A globally aware culture that promotes cyber hygiene does so by promoting a positive environment, where constant dialogue and unfettered collaboration are key indicators of organizational health. As mentioned earlier, employees are seen as part of the solution instead of the problem, and are made aware of changes that are needed via relevant flows of communication.
It's very easy to point fingers at someone and call them the problem, rather than dig for the root cause of risky or unsafe behavior. Empower your employees to be part of the solution. Continuous training and awareness will keep the protocols fresh, and their minds sharp, but it's also essential in my experience to gather feedback and let information flow both ways.
In our cut-throat world, it's of utmost importance that your employees feel supported by the management team. They need to be aware that if they report a potential problem or misaligned behavior, it will be welcomed, not frowned upon for possibly "blowing a false whistle." The worst-case mindset for your employees is that if they stay quiet, and just do as they're told, they can't be held responsible for a problem. More often than not, this is the current case in most organizations when it comes to speaking up or reporting a problem.
I've found that transparency is the best sanitizer. Transparency is a key ingredient in a globally aware organization to preserve a stellar work environment for their employees. If you encourage feedback, and allow your employees to question what has been implemented, you may discover you haven't been asking the right questions. This new way of looking at things may uncover a faulty part of your security, which when fixed will strengthen your defenses throughout the organization. Your employees may have "eyes and ears" in areas that you may not be focused on – encouraging their feedback will likely help you find areas that need strengthening in your organization. Utilizing this most valuable resource, your employee, benefits you from a morale and security standpoint.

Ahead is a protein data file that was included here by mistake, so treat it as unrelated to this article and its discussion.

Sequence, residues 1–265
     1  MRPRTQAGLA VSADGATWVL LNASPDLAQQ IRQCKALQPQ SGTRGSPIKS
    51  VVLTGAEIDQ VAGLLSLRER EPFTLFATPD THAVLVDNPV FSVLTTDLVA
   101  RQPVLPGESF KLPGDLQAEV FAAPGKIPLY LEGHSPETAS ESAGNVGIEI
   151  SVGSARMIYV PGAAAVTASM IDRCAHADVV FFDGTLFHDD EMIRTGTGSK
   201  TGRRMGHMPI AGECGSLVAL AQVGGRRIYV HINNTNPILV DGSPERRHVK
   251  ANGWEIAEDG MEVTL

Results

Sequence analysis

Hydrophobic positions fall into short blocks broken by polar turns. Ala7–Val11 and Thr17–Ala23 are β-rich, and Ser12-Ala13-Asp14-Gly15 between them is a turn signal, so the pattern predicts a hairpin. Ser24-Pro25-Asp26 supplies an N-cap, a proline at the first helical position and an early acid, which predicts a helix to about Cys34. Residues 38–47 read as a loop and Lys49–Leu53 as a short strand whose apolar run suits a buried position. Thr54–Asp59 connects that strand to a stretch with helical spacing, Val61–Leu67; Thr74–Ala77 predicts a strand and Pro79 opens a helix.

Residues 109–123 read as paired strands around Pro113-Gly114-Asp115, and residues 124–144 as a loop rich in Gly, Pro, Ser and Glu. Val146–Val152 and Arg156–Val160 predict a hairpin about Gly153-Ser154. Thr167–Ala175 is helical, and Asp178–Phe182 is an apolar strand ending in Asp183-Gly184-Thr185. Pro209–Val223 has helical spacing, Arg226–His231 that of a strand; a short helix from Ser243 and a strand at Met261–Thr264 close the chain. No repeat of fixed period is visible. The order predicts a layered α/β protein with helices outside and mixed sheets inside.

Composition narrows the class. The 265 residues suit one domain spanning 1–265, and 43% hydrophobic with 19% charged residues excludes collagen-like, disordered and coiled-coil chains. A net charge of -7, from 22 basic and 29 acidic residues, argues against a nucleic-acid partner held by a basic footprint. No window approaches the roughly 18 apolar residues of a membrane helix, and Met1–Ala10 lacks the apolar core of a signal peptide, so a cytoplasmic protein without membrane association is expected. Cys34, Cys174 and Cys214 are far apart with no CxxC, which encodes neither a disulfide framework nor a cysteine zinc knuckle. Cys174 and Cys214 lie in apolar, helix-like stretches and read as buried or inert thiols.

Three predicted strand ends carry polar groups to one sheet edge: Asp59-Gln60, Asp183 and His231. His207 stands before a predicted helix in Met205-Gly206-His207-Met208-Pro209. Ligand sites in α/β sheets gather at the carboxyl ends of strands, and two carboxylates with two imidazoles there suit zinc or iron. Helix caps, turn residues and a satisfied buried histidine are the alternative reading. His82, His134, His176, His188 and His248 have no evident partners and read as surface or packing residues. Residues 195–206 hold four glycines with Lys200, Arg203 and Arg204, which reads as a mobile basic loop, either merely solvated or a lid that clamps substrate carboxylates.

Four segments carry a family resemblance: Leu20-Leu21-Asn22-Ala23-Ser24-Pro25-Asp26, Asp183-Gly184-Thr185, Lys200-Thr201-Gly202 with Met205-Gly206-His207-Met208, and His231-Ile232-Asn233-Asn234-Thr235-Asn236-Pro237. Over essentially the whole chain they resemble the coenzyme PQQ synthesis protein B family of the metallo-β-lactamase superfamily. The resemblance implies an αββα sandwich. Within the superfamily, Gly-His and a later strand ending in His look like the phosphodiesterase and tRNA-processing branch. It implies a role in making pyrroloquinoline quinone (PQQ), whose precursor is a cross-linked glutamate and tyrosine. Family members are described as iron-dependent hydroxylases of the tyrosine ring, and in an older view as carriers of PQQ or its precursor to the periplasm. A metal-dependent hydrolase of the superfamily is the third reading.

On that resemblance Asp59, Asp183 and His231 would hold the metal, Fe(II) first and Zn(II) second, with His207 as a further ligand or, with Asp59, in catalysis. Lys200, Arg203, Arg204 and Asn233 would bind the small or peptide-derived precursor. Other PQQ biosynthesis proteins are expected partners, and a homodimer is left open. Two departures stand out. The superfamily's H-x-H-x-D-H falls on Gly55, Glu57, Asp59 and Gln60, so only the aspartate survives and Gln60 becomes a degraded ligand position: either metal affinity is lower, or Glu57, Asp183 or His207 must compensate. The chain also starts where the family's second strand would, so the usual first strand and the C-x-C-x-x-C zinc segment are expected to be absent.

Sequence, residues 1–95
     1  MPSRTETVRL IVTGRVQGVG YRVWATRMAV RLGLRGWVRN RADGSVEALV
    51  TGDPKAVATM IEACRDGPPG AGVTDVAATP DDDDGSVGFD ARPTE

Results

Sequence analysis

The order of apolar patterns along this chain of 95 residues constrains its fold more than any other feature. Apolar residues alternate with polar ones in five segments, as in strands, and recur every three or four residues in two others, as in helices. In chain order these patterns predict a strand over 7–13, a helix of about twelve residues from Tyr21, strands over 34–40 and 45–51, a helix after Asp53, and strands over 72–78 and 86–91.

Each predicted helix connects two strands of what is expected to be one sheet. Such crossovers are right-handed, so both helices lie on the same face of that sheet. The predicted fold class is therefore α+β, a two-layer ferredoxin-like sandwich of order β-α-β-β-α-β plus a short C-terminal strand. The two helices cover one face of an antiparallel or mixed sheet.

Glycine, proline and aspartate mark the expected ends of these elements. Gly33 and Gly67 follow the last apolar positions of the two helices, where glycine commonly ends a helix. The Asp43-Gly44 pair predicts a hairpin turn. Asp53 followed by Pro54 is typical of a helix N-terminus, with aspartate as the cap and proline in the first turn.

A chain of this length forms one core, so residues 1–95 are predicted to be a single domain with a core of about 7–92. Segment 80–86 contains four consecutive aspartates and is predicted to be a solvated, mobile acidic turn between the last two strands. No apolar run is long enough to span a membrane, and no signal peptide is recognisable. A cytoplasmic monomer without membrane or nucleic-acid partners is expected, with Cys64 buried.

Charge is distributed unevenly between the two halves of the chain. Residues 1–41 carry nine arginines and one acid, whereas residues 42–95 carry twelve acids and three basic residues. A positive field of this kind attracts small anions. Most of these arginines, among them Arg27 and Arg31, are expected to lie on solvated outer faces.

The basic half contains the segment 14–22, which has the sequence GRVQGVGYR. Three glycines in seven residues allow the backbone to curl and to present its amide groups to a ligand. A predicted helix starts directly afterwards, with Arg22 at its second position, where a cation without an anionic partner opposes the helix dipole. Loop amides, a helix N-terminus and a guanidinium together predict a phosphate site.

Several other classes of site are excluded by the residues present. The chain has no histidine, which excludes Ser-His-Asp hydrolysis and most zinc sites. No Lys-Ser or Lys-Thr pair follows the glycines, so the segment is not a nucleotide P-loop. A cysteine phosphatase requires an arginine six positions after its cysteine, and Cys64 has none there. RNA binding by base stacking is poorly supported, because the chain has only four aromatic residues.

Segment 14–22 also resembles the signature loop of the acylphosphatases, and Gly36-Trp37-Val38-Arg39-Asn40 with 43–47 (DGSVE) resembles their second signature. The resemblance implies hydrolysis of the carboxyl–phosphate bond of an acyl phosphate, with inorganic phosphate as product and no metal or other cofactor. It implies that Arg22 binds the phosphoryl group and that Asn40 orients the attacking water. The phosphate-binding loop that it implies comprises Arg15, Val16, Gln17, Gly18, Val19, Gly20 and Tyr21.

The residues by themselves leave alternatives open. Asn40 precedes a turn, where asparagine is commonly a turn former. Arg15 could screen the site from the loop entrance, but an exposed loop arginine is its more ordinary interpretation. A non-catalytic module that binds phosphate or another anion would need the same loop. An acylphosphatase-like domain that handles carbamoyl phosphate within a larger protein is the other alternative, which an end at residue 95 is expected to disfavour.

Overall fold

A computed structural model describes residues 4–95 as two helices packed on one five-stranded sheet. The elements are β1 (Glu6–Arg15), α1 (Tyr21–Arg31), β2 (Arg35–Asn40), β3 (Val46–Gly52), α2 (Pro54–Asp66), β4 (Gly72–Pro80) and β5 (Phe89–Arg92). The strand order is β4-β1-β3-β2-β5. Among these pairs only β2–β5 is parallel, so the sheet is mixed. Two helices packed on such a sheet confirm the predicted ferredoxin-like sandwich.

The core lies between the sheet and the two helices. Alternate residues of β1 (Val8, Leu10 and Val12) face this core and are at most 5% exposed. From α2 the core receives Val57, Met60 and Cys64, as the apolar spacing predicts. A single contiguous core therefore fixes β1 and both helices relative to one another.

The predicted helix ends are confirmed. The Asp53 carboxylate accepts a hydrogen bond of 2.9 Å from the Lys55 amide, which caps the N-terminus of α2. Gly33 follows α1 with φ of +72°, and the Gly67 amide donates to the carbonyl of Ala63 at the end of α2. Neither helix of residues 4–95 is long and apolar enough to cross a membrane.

Building an inclusive workforce – diversity is at the heart of global awareness
When we think about diversity, we often hone in on obvious demographic indicators such as gender, age, culture, demographic, and socio-economic status. These are definitely important and should not be trivialized, but as a globally aware organization, you should frame diversity differently. For companies, demographic diversity boils down to diversity of thought, approach, and viewpoints. Diversity means having employees who view the world quite differently from one another because of the lenses of their background, upbringing, education, and a multitude of other factors that have shaped and molded them.
Think about a phenomenon we see far too often: A company entirely made up of people of a similar gender, age group, culture, race, demographic, or socio-economic status. This situation almost never improves organically, because recruiting through existing employees' social networks at monolithic organizations tends to reinforce this demographic disaster.
Without diversity, any organization will consistently yield remarkably narrow and irrelevant conclusions and attack problems in a very limited way, especially in their approach to security and privacy. How could it not? A monoculture is scientifically vulnerable to disease because of its lack of genetic diversity. Similarly, creating an echo chamber within organizations through limited demographic diversity leads to suboptimal outcomes, including woefully inadequate security.